etc. R. V. Anderson, 39 Ark. 167;
McReynolds v. Burlington, etc. R.
Co., 106 111. 159; Chicago, etc. R.
Co. V. Bowman, 122 id. 595; St.
Louis, etc. R. Co. v. McAuliflf, 43
Kan. 185; Commissioners v. Hark-
Icroads, 62 Miss. 807; Pittsburgh,
etc. R. Co. v. McCloskey, 110 Pa.
436; Same v. Bentley, 88 Pa. 178;
Louisville, etc. R. Co. v. Barrett, 91
Ky. 487; Churchill v. Beethe, 48
Neb. 87, 35 L.R.A. 442; Chicago,

§ lOCO]



of a trac-t increases the expense of moving freight to and from
tlie rcniaindcr or causes other interference with the use of prop-
erty wliich allccts a business conducted thereon or which it may
be net^-cssary to establish these facts are to be regarded. ^'^ In
connection with them it is proper to consider also the availability
of other means of ingress and egress to the property affected.'^'
There can be no question that interference with a land-owner's
right of ingress and egress are matters which may materially
affect his damage; ^ and in order that there may be a recovery
it is not necessary that the right of access be cut oft'; it is

etc. R. Co. V. O'Connor, 42 Xeb. 90;
Hercules I. Works v. Elgin, etc. R.
Co., 141 111. 491; Springfield v.
Dalby, 139 111. 34; Chicago, etc. R.
Co. V. Nix, 137 111. 141; Chicago,
etc. R. Co. V. Greiney, 137 111. 628;
Chicago T. T. R. Co. v., 184
111. 3.53; St. .loseph & I. R. Co. v.
Shambaugli, 100 Mcf. 557 ; Abbott v.
Soutliern Pac. R. Co., 109 Cal. 282;
Chicago, etc. R. Co. v. O'Connor, 42
Neb. 90 ; Mangles v. Chosen Free-
holders, 55 X. J. L. 88; Omaha
Soutliern R. Co. v. Todd, 39 Xeb.
818; Fremont, etc. R. Co. v. Bates,
40 Neb. 381; Shano v. Fifth Ave.,
etc. B. Co., 189 Pa. 245, 09 Am. St.
808, and local cases cited.

So where a street widening im-
provement had left a valuable lot in
such shape that its form was irreg-
ular so tliat it was especially
difficult to improve it, that fact was
proper to be considered by the jury
in assessing consequential damages
by reason of the taking. Baltimore
City V. -Alegary, 122 Md. 20.

22 Patterson v. laeger & S. R. Co.,
102 C. C. A. 95, 178 Fed. 049;
Bailey v. Boston & P. R. Co., 182
Mass. 537; Cornell-A. S. Co. v.
Same, 202 Mass. 585; Richmond,
etc. R. Co. V. Chamblin, 100 Va.
401; Chicago, etc. R. Co. v. Thayer,
65 Wash. 402; In re Grade Cross-
Suth. Dam. Vol. IV.— 21.

ing Com'rs, 152 App. Div. (X. Y.)

But where a statute requires a
railroad company to furnish all
necessary track connections at rea-
sonable rates and without discrim-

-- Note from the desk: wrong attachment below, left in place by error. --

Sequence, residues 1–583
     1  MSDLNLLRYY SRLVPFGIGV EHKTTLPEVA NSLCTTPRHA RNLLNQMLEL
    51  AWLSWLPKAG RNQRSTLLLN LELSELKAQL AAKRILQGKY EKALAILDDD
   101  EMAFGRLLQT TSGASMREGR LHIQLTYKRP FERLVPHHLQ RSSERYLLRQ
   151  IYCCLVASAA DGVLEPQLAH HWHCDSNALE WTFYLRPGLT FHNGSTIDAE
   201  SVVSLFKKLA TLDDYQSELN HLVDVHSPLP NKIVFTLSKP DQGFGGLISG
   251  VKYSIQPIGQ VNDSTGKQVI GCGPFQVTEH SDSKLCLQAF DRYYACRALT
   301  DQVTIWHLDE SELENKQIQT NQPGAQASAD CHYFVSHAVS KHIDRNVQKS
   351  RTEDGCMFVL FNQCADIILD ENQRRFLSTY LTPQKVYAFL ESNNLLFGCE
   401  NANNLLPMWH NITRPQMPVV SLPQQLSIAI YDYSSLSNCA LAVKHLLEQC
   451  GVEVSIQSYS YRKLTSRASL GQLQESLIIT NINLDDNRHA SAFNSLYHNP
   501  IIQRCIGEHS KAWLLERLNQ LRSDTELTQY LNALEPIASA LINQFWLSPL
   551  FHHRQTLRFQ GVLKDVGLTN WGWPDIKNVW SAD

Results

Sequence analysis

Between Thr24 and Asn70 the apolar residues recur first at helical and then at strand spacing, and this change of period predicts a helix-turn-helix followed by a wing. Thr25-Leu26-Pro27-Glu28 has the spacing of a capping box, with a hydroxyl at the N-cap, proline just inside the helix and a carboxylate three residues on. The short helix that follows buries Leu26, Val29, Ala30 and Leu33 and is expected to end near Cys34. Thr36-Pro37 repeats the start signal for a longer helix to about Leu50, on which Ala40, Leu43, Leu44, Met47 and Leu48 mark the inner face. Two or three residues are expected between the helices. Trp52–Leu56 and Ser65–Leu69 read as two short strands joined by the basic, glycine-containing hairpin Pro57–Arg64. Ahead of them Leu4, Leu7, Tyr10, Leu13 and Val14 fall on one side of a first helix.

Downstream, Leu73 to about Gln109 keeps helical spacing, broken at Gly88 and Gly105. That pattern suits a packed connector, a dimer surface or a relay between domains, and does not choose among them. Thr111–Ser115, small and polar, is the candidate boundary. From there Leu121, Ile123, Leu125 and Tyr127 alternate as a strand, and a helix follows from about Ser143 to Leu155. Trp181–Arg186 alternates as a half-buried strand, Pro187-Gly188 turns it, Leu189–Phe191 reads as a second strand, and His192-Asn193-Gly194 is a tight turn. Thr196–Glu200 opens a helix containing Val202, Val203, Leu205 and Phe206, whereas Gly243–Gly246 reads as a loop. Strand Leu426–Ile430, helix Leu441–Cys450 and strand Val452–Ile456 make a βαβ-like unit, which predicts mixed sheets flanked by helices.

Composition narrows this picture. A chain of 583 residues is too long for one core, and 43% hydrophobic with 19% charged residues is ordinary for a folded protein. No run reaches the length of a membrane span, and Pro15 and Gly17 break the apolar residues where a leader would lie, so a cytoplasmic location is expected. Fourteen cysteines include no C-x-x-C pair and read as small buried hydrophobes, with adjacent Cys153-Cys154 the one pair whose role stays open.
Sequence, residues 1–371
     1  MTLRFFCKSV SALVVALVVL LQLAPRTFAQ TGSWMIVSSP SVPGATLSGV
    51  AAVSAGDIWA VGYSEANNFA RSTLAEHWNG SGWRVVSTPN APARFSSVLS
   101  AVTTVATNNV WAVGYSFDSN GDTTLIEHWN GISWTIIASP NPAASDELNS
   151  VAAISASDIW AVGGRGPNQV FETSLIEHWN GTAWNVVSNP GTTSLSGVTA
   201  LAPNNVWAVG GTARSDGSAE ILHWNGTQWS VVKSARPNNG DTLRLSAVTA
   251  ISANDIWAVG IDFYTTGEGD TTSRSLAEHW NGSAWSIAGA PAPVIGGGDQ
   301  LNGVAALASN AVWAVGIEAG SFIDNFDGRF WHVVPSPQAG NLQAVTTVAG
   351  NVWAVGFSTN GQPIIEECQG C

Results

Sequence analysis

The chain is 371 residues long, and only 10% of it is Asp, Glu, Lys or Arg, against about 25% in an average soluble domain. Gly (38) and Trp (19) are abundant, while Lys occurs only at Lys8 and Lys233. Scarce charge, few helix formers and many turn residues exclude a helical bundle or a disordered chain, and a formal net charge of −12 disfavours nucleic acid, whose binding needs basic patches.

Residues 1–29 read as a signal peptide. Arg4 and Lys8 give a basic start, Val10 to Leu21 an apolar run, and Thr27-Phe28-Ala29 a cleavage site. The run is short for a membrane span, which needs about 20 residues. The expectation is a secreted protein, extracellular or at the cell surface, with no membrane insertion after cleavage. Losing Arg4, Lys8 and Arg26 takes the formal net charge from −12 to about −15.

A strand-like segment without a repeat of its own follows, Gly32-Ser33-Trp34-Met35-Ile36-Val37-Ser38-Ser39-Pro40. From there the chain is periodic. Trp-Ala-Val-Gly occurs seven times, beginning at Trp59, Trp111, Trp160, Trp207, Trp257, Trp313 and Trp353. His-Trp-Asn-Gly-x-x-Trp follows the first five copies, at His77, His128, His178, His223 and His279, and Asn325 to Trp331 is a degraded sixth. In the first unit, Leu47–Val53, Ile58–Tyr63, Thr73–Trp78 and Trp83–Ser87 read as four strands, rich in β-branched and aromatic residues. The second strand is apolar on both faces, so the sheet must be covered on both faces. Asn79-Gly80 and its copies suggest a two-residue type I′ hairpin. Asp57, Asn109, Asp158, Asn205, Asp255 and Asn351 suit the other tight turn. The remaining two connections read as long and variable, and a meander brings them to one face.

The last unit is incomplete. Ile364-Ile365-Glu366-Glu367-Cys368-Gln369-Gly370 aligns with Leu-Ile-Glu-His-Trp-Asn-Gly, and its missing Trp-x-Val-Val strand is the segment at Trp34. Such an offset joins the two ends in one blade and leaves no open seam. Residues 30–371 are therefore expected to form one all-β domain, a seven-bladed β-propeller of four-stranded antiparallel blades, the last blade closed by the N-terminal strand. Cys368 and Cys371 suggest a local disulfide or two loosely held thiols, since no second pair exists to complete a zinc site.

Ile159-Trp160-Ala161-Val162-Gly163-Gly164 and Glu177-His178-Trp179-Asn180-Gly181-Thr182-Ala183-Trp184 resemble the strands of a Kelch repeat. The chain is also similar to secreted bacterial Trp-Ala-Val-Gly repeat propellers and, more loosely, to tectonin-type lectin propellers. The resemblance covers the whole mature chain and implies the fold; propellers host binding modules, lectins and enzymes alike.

ination it was held proper to in-
struct the jury to consider this fact
in assessing damages for a taking
whereby an owner's present track
connections were shut off. Kansas
City Southern R. Co. v. Second
Street Imp. Co., 256 Mo. 386. In
Illinois it has been held that an
owner cannot recover where an im-
provement cuts off his track connec-
tions, unless he can show a right at
common law to the continued exist-
ence of the tracks. Otis Elevator
Co. V. City of Chicago, 263 111. 419.

Where by the construction of a
viaducrt a change in the location of
street cars lines was caused, so that
a line which formerly ran by an
owner's property was removed, the
fact was not competent on the ques-
tion of depreciation caused by the
improvement. Texas & P. Ry. Co.
v. Hardin, — Tex. Civ. App. — , 168
S. W. 1017.

23 Cornell-A. S. Co. v. Boston & P.
R. Co., 202 Mass. 585.

24 Idaho, etc. R. Co. v. Nagle, 184
Fed. 598; Lund v. Idaho, etc. R.
Co., 50 Wash. 574, 126 Am. St. 916;



[§ 1066

enough that it is rendered dangerous.^* Whether the existence
of the right of access from another street than that occupied by
the defendant bars a recovery is a question upon which the
authorities are in conflict ; *^ but it seems to the writer that such
fact is material only upon the question of the extent of depre-
ciation in the value of the property. If the obstruction cutting
off ingress and egress is caused by the track of a railroad fully
completed the owner of an abutting lot may regard the situation
as a permanent appropriation of his right of access and recover
the resulting depreciation in its value.^^ But several cases deny
recovery to the land-owner when his right of access is not wholly
shut off but merely rendered less convenient or less direct.^'

Illinois Cent. R. Co. v. Elliott, 33
Ky. L. Rep. 537; United States v.
Grizzard, 219 U. S. 180, 55 L. ed.
165, 31 L.R.A.(X.S.) 1135; Chesa-
peake & O. R. Co. V. Gross, 19 Ky.
L. Rep. 1926; McQuaid v. Portland
& V.'R. Co., 18 Ore. 237; Hamilton
County V. Rape, 101 Tenn. 222 ; Hot
Springs R. Co. v. Williamson, 45
Ark. 429; Stehr v. Mason City, etc.
R. Co., 77 Neb. 641, 124 Am. St. 872;
Foster L. Co. v. Arkansas Valley &
W. R. Co., 20 Okla. 583, 30 L.R.A.
(N.S.) 231; Atlanta v. Nelson, 142
Ga. 324; Baltimore & 0. R. Co. v.
Kahl, 124 Md. 299; Baltimore & 0.
R. Co. V. Kane, 124 Md. 231 ; Jones